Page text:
Saturday, March 14, 2009

The Law is a cage

Your humble Devil—like Douglas Carswell—is currently reading Atlas Shrugged for the first time, and very many of the concepts chime all too clearly with our current society. If, for instance, I read the phrase "social responsibility" on the lips of hypocrites, bureaucrats or politicians—who are known, in the book, collectively as "looters"—then I might be driven to yell aloud. If I hear it once more on the lips of those that I know in real life, then get prepared to watch my trial for murder.

However, it was a particular passage that I wished to quote; in it, one of the looters is threatening one of the "selfish" industrialists.
"Did you really think that we want those laws to be observed?" said Dr. Ferris. "We want them broken. You'd better get it straight that it's not a bunch of boy scouts you're up against—then you'll know that this is not the age for beautiful gestures. We're after power and we mean it. You fellows were pikers, but we know the real trick, and you'd better get wise to it. There's no way to rule innocent men. The only power any government has is the power to crack down on criminals. Well, when there aren't enough criminals, one makes them. One declares so many things to be a crime that it becomes impossible for men to live without breaking laws. Who wants a nation of law-abiding citizens? What's there in that for anyone? But just pass the kind of laws that can neither be enforced nor objectively interpreted—and you create a nation of law-breakers—and then you cash in on guilt. Now that's the system, Mr Rearden, that's the game, and once you understand it, you'll be much easier to deal with.

Please discuss this quote, with special reference to NuLabour's creation of an unprecendented number of new laws and criminal offences, and especially focusing on the particularly badly-drafted laws that make it almost impossible for said legislation to be codified—or "objectively interpreted", if you will.

I'm starting to think that we sent the wrong book to the MPs...


Nicholas J. Rogers said...

I once sent a copy of Atlas to a few MPs. Not one of them replied - not even a thank you for the thoughtful gift! Maybe 5th November this year we could send all of them copies.

Atlas Shrugged should be mandatory reading. However, I think our intellectually-lazy rulers would baulk at its size...

The Filthy Smoker said...

Funny you should mention Ayn Rand as The Guardian has just laid into her today...

"Of all the scary things you can get a graph to show, surely the most terrifying is a surge in sales of Ayn Rand novels."

Slight exaggeration?

"In January, it [Atlas Shrugged] was - albeit briefly - selling more than Obama's The Audacity of Hope."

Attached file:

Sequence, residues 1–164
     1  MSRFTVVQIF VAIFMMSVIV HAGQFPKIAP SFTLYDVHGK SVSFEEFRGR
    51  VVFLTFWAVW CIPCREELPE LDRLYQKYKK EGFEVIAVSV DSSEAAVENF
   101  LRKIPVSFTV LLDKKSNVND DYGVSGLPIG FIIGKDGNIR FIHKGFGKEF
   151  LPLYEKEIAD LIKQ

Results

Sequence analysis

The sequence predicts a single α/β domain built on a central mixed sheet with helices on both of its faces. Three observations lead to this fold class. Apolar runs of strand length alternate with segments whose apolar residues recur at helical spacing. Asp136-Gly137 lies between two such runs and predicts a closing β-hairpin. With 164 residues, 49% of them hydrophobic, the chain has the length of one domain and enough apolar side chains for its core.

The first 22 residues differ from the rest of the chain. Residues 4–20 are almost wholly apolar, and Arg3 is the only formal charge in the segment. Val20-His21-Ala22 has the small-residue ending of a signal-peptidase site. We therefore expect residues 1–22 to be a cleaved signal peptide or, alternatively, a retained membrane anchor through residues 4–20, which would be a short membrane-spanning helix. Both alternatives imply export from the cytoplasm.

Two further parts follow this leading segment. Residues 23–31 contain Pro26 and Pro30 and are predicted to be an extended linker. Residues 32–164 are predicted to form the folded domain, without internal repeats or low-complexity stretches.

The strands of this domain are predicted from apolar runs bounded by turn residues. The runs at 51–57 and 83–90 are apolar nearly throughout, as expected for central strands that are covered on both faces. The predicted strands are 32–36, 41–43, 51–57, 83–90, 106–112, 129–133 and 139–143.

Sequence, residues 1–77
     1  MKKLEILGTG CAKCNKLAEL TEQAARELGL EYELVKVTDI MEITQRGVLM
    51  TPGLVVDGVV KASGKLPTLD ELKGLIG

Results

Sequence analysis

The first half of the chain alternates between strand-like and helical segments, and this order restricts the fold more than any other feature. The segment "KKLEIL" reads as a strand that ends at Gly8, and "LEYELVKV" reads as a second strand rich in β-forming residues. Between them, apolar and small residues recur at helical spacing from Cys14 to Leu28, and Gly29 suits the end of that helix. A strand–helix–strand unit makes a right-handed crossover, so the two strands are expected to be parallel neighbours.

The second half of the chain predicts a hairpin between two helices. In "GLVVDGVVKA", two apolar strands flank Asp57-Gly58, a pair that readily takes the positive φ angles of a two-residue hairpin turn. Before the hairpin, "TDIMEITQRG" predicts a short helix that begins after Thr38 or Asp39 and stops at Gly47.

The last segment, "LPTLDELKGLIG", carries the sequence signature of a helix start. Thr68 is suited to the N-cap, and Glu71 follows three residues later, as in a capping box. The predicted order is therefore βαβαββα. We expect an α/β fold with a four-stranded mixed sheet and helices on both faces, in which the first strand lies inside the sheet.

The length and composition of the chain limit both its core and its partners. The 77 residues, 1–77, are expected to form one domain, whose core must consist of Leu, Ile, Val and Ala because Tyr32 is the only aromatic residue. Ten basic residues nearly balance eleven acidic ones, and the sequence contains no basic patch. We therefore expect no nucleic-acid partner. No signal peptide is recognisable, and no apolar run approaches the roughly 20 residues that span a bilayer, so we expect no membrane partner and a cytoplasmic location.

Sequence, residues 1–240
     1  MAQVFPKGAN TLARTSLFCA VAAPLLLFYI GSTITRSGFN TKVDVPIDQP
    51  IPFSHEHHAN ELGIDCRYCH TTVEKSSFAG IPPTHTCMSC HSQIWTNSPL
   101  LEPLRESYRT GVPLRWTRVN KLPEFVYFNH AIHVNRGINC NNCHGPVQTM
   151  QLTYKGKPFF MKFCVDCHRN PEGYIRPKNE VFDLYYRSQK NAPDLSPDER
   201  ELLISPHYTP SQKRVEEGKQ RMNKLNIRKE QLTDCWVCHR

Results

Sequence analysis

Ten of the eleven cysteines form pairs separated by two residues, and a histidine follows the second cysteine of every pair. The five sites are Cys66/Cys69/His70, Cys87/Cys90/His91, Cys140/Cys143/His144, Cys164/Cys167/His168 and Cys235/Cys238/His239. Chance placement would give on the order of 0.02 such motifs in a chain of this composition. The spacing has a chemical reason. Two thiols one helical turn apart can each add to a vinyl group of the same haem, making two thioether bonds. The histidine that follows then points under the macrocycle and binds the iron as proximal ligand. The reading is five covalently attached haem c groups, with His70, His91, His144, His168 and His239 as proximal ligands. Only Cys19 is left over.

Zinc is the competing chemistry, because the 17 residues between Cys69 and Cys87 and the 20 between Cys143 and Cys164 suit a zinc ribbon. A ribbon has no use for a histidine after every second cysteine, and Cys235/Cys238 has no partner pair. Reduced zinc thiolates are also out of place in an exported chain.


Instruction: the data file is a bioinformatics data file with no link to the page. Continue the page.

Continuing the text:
Oh my God! A libertarian is outselling the messiah!

"According to Noam Chomsky, Rand was "one of the most evil figures of modern intellectual history"."

She must have been a great woman. I've never got round to reading her, but if The Guardian and Noam Chomsky hate her, maybe it's time I did.

microdave said...

It's much like a company selling a totally reliable product - it never goes wrong, so they eventually go out of business.

The same with government - if we all behaved ourselves there would be little need for them to keep constantly meddling. Make us all criminals and they have a job for life....

Anonymous said...$1279775.htm

Dex said...


Just finished reading the book as well last week and there are so many pages that are bookmarked as i couldn't help but draw worryingly parallels to whats going on today. Its funny as once they are identified in the bok i couldn't stop myself from pulling up examples of the looter behaviour happening today.

Anyways happy reading, i'm sure you'll enjoy it as much as i did.

Bishop Brennan said...

I'm reading it too!

The parallels with the nationalisation of the banks, bailing out of crappy industries, etc are strong.

But what marks it out most for me is the political correctness - the way that mediocrity is pushed as the objective, just as it is in our devalued schools, GCSEs hardly worth anything, A Levels where it is not hard to get 5 As, etc.

What really pisses me off is when people try to make out that somehow Rand was glorifying people like Fred the Shred and the other useless turds that ran a bunch of banks into the ground (including in the FSA and the Treasury). She clearly wasn't - those people benefit from 'connections', the Freemasons, etc., just as 'connections' and 'Washington' are important to the looters in the book.

sconzey said...

Yeah, it's on my urgently to-read list. I would have got it today had the gently intellectual Tim Harford not caught my eye.

Anyone fancy bookcrossing me an old copy?

David Davis said...

No use to have sent them Atlas Shrugged - they would not understand its message, even if you presented it to them on a plate with watercress round it, and posters round the wall saying what it means.

They are bastard takers-and-moochers-and-looters, and bad-people, and will either simply have to go, or we will. It will come to that one day.

I really really now think, more than I used to many many years ago, that Stalinists do what they do deliberately, willingly and with pleasure, out of sheer wickedness, knowing it to be evil and bad, and also doing it _exactly_ because it is.

Not a sheep said...

Atlas Shrugged is on my bookshelf awaiting some spare time reading. Part of me doesn't want to though... do I really want to know though?

Pat said...

Cuts both ways- In my experience the ordinary Briton has regarded it as a shame to break the law and a shame to be accused of lawbreaking- born I believe from a generally correct observation that the Law was sensible and expressed the genuine will of the people. Consequently the law was mostly self enforcing.
Arrest people often enough for reasons neither sensible nor generally accepted and it will only be complied with when there is policeman in sight- and as has been seen in eastern europe once respect for the law evaporates the regime must fall- not least of all because some political rival to the government making those laws will gladly use their discontent to further his own aims.

cookie said...

Astonishing that you haven't read it before now. I predict a period of more intense than usual ultra-libertarian ranting for the next week or two.

Thatcher's Child said...

Although I would like to read it, time has not given me the opportunity.

I'm currently reading the Prince by Machiavelli. We keep hearing that the dark lord is our current version, but I disagree, It was Blair.

The problem with books like Atlas Shrugged is that they are too easy to dismiss as fiction and therefore irrelevant - we need a modern howto book, the question is - why would anyone write it?